Creepy August 01, 2017
Not Many People Realize These 9 Haunted Places In Connecticut Exist
With a history dating back to 1633, it’s no surprise there are more than a few haunted places in Connecticut. Some feature the spirits of early settlers. Other haunted spots play home to the eternal unrest of Revolutionary War soldiers. Some ghosts rumored to haunt Connecticut spots lived as recently as the 20th Century.
Ready to see nine of the spookiest? Let’s go!
During these uncertain times, please keep safety in mind and consider adding destinations to your bucket list to visit at a later date.
1. Dudleytown: Enter at your own risk.
In the mid-18th Century, settlers arrived near what's now Cornwall. The town thrived...until it didn't. Slowly, the population left or died off. By the early 20th Century, no one lived there anymore.
The town's buildings were swallowed up by the forest, leaving a few crumbling foundations and empty cellars behind. Rumors of a curse spread. The story is that anyone who tries to live in Dudleytown meets an untimely end.
Is it true? It's better not to risk finding this one out for yourself. Even if you manage to escape Dudleytown's notoriously bad luck, you might get into trouble with the law enforcement patrolling the area. The town's remains are private property.
2. What's creepy about a century-old lighthouse off the coast of New London?
Ledge Light, perched just off the coast of New London, is the rumored home of a ghost of an early keeper named Ernie. Until the light was automated in 1987, Coast Guard crews reported eerie goings-on, like doors opening on their own and the unexplained removal of sheets from beds.
Just before the automated light system went in, a Coast Guard crew member wrote "Rock of slow torture. Ernie's domain. Hell on earth – may New London Ledge’s light shine on forever because I’m through. I will watch it from afar while drinking a brew."
3. A copper mine-turned-prison sits empty...or does it?
In the 1770s, the local government approached a tavern keeper about turning the copper mine he owned into a prison and he readily agreed. Thus, Old Newgate Prison was born. The first convict, a burglar, was locked up in 1773. He escaped 18 days later.
This inauspicious start set the tone for the prison's future, which consisted of enough bloody riots that it eventually earned the nickname "hell."
Some of the prisoners who escaped over the years might not have gotten very far. Allegedly, spirits of former prisoners still wander the grounds and ethereal voices can be heard in the mine tunnels.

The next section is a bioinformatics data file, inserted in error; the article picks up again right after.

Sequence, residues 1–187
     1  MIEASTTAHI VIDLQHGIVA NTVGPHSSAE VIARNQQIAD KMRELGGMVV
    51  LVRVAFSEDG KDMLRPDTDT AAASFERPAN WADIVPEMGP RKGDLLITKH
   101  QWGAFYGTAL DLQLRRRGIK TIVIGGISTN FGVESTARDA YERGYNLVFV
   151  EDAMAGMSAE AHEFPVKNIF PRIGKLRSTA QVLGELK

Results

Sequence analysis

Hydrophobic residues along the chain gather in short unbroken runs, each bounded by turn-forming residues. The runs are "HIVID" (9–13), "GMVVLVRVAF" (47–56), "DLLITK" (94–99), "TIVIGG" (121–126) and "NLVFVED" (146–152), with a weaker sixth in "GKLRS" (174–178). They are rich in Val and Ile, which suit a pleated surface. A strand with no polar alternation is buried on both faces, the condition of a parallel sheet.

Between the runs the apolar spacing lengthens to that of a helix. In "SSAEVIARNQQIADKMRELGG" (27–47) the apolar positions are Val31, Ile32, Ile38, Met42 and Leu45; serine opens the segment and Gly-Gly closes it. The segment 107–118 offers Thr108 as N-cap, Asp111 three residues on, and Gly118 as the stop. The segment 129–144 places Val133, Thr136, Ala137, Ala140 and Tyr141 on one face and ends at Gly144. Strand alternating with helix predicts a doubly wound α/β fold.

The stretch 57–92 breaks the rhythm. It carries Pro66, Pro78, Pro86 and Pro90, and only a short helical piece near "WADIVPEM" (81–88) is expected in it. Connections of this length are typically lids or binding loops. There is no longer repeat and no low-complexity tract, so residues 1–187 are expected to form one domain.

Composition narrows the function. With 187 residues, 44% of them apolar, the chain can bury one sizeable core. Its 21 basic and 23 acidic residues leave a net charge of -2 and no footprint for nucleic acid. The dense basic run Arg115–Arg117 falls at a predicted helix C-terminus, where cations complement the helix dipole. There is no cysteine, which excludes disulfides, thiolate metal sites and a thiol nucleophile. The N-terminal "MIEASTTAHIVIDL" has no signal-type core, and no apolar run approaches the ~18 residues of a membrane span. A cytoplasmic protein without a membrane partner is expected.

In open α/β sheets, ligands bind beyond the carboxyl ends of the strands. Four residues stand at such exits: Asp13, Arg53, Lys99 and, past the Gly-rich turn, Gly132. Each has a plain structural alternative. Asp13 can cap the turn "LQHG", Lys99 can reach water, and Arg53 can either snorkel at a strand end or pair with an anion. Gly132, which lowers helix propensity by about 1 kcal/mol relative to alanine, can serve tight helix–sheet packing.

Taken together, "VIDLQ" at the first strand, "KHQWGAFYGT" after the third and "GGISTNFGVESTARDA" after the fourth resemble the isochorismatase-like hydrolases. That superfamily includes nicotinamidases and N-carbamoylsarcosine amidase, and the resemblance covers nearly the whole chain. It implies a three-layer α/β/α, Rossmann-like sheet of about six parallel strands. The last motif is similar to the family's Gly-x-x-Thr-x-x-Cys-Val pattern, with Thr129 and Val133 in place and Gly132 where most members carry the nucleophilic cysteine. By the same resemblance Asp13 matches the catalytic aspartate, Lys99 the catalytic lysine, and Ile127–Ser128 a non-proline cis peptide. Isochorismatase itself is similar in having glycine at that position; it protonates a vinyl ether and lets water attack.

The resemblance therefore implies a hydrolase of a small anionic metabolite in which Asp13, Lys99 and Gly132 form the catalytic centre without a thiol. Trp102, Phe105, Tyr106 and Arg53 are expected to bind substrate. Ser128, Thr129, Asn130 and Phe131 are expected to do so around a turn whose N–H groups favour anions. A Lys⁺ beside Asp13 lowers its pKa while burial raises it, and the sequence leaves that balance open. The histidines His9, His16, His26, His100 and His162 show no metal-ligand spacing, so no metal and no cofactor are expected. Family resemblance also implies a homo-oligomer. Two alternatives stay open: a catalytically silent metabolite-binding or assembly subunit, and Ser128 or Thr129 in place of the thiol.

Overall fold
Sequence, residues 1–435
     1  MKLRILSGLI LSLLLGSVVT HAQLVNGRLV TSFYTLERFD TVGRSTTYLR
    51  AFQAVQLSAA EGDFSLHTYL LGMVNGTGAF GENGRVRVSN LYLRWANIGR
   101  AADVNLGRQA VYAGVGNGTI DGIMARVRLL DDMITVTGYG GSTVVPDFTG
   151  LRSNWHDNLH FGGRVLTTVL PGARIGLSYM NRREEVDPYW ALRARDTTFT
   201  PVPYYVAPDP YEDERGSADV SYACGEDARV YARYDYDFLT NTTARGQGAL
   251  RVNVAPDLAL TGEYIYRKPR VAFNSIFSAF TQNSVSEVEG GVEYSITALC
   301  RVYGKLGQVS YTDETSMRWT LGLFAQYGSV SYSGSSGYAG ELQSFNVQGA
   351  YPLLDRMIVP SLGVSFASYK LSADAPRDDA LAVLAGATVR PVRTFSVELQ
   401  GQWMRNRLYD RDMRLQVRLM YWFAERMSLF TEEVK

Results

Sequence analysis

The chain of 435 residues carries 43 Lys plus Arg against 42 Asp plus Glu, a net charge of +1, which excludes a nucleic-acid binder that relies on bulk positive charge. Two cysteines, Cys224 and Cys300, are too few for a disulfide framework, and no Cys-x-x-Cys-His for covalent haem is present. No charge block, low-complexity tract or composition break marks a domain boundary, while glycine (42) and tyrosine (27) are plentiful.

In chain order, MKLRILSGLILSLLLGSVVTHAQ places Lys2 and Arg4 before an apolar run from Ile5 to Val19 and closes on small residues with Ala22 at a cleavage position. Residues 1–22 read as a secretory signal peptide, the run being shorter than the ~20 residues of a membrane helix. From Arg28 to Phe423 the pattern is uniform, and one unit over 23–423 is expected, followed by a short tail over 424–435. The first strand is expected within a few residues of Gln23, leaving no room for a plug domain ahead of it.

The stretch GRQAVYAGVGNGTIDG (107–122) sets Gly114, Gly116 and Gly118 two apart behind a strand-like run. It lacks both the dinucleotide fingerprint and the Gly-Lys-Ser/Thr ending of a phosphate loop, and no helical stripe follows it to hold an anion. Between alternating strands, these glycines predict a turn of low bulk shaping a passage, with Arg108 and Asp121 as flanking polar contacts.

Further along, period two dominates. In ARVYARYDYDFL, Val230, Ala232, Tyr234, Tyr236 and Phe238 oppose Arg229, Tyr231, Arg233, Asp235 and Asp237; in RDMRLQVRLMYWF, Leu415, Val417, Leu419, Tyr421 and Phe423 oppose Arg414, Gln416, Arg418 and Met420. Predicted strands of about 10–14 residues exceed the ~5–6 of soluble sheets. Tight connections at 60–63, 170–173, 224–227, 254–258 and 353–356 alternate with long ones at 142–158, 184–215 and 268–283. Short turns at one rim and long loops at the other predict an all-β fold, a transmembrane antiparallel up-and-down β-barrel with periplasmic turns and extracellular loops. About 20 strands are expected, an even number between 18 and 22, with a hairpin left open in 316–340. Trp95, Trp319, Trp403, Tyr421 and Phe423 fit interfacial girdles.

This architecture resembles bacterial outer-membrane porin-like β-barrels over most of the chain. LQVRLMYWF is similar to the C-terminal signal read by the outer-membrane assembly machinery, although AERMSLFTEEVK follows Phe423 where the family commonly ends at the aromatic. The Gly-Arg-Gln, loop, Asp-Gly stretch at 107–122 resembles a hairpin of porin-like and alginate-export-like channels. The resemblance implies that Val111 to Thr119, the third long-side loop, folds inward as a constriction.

4. Sticks and stones may break my bones, but sticks and stones thrown by a ghost scare me!
The once-elegant Hearthstone Castle sits abandoned in Danbury's Tarrywile Park. There have been reports of shadowy figures and glowing orbs in the windows, because what would an abandoned castle be without a few lingering spirits? The spirits who haunt this particular castle are said to throw sticks at hikers. Nature enthusiasts, you've been warned.
5. The ghosts of legislature past won't leave Hartford's Old State House.
The early home of Connecticut's legislative body is now a museum complex, but it seems some former statesmen haven't moved on. During an episode of the TV show Ghost Hunters, paranormal investigators heard sounds of a doorknob turning in the empty Senate Room.
6. Is Abigail's Grille & Wine Bar haunted by its namesake original owner?
The owners of Abigail's Tavern say they were aware of the ghost stories when they purchased Pettibone Tavern and renamed it after the original proprietor. Over the years, many customers have reported spooky activity at the restaurant. Candles mysteriously relight themselves, cold drafts drift out from behind lit fireplaces, and disembodied voices call out the names of employees and regulars. Is Abigail herself the source of these uncanny happenings? Many believe she is.
7. A cemetery so haunted, there's a whole book about it.
Union Cemetery is so packed with paranormal activity, the book "Graveyard" was published just to describe its many hauntings. One of the most famous ghosts, called "The White Lady," might be the spirit of a woman who was murdered after killing her husband. On a more adorable note, the cemetery is allegedly also haunted by animal spirits.
8. After a dark history packed with mutations, bodies melting, and ammunition exploding, Remington Arms sits abandoned.
Once upon a time, it was among the biggest munitions factories in the world. Like many old factories, it was the site of many deadly accidents, including a deadly explosion on the production floor that killed seven workers and injured 40. Since the factory's closing, there have been reports of shadowy figures and orbs moving around the building.
9. Is Charles Island home to more than just Captain Kidd's treasure?
According to legend, Captain William Kidd left a portion of his treasure buried on Charles Island. According to other, older legends, the Paugusset tribe believed the island to be a sacred home to spirits. After they lost the island to European settlers, they cursed anyone who tried to live there. Some have seen glowing ghosts and phantom figures among the island's trees. Could these be the spirits the Native Americans saw, or are they the spirits of the Native Americans themselves, protecting the island into eternity?
While these haunted places are among Connecticut’s most interesting, the state’s long history means there are plenty of spooky sites. Have you visited any sites not listed here? Share your experience in the comments!
If you’re drawn to the spookier parts of Connecticut history, read about
The Empty New England Town Everyone Stays Miles And Miles Away From.